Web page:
It’s rather easy to become an expert on Romanian cinema: given its rarity, you only need to watch one film.
California Dreamin’ (Endless) is a pretty safe choice. It’s set, for the most part, in 1999 during the war in Kosovo: NATO have sent a group of US Marines to escort a radar system through Romania by train.
Of course, in accordance with the Laws of Film, there’s no way this is going to happen without a few trials and tribulations: the film finds its pivot at the refusal of a station master, Doiaru (Razvan Vasilescu), to allow the train to pass without the necessary papers. The various sub-plots involve a taciturn affair between U.S Sergeant McLaren (Jamie Elman) and Doiaru’s daughter, Monica (Maria Dinulescu), a strike at the local ball-bearing factory, and the Mayor’s (Ion Sapdaru) misled keenness to help the Americans.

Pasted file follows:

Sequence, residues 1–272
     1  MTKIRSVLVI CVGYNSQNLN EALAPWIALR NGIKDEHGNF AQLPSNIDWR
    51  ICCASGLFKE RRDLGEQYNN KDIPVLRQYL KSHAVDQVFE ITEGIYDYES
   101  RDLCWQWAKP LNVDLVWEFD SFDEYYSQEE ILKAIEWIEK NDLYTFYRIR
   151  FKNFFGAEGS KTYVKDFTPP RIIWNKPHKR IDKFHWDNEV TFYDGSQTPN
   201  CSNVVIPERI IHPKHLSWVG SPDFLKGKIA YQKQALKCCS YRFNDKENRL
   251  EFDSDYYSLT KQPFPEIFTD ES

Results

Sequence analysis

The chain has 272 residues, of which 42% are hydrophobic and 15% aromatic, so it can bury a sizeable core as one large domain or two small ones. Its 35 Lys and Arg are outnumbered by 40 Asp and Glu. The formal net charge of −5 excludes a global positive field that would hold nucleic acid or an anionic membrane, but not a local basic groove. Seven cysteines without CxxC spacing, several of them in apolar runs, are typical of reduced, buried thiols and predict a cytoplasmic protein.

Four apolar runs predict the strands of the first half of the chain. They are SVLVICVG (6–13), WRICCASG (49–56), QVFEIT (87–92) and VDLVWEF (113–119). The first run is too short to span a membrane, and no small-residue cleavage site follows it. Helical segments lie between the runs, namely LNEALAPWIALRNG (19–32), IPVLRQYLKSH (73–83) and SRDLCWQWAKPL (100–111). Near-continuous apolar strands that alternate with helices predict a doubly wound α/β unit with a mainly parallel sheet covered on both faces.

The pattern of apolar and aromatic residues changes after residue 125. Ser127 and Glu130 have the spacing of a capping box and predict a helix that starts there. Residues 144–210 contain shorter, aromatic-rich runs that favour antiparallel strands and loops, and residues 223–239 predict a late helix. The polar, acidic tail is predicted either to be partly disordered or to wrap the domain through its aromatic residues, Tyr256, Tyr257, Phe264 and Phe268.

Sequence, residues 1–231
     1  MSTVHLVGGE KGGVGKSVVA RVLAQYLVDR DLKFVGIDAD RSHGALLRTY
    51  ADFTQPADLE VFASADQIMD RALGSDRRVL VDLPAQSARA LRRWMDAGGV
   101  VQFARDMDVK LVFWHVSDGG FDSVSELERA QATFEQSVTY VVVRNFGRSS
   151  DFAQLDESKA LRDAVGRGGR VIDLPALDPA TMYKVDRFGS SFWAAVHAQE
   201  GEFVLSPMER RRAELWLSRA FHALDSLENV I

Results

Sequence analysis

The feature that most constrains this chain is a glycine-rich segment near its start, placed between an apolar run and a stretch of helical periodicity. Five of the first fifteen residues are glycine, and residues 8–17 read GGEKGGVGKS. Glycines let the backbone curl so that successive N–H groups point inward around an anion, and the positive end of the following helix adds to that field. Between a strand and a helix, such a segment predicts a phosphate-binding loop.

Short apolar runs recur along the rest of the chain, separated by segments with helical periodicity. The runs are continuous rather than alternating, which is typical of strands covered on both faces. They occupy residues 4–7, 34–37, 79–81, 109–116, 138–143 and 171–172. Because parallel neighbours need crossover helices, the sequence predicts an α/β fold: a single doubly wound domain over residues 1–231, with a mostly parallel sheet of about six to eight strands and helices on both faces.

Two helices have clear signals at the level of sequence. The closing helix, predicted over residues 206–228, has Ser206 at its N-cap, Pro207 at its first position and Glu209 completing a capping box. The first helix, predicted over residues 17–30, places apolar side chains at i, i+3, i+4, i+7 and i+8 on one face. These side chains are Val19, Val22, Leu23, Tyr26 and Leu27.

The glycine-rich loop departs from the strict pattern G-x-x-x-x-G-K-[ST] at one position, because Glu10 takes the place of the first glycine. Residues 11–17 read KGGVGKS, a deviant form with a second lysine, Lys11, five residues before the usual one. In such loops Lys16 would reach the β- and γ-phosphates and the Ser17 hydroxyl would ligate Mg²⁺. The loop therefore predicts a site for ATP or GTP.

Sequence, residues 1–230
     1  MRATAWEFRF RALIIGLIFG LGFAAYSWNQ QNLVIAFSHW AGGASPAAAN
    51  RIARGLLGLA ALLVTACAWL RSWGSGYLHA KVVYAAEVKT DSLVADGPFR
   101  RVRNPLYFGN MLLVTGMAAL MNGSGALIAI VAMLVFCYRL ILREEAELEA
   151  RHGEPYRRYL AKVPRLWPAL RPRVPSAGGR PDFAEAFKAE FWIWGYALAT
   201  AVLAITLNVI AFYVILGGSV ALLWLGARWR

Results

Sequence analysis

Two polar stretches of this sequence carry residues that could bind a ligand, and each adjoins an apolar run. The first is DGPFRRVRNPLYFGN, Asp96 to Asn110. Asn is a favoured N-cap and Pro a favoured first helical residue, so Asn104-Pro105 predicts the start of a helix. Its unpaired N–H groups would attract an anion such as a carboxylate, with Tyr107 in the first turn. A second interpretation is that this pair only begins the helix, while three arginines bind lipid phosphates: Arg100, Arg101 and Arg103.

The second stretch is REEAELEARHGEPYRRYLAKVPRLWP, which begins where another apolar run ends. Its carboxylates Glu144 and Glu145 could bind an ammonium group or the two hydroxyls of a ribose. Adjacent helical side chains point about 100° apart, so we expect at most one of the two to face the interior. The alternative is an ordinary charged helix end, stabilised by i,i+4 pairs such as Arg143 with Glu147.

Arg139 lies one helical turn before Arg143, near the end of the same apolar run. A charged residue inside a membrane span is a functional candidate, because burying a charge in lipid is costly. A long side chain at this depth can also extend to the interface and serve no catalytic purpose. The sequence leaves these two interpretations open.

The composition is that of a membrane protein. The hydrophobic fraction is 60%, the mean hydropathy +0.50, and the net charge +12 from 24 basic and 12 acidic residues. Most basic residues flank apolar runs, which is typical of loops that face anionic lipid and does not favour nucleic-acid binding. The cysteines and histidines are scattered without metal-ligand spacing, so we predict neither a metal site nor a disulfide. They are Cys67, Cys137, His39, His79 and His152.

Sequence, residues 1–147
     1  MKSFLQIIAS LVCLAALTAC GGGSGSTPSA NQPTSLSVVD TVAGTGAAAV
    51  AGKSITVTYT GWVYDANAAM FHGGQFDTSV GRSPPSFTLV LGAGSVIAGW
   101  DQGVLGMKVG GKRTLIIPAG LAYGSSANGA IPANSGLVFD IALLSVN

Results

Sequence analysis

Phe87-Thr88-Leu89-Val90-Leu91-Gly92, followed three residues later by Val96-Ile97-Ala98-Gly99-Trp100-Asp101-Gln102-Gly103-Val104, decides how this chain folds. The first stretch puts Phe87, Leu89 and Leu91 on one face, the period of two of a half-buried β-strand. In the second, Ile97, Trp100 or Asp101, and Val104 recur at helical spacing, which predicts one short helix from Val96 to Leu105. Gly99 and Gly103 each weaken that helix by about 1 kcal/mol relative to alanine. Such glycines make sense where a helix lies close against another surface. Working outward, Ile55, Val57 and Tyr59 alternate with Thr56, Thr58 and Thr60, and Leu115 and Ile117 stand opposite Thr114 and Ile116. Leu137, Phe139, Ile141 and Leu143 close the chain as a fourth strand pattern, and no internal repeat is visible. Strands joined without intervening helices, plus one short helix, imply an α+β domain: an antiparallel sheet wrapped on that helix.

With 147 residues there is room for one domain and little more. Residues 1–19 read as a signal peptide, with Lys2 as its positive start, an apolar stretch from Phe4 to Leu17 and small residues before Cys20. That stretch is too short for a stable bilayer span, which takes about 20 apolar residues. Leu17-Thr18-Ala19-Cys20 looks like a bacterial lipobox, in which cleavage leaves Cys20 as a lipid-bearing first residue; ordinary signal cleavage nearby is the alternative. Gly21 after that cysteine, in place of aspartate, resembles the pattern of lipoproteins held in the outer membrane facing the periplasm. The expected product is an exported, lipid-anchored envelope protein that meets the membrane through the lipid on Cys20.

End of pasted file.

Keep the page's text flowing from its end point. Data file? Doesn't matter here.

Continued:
The acting is merely solid. Yet writer/director Christian Nemescu manages to use explosive effects and fast scene changes in a manner which contrasts completely with Hollywood’s, giving depth to, rather than cheapening, the storyline.
Overall, California Dreamin’ artfully balances sluggish boredom with electric montage, and cool bureaucracy with sticky relationships. Humour derives, expectedly, from difficulties with translation, but Nemescu’s ironic use of Americanisms and clichés causes the viewer to laugh from quite a different perspective.
Turning Western cinema on its head is quite an ambitious project, yet here it is done fantastically: the world we’re used to viewing is reflected and distorted by the eyes of Eastern Europe, to create a refreshing and revealing image of America and the world’s perception of it.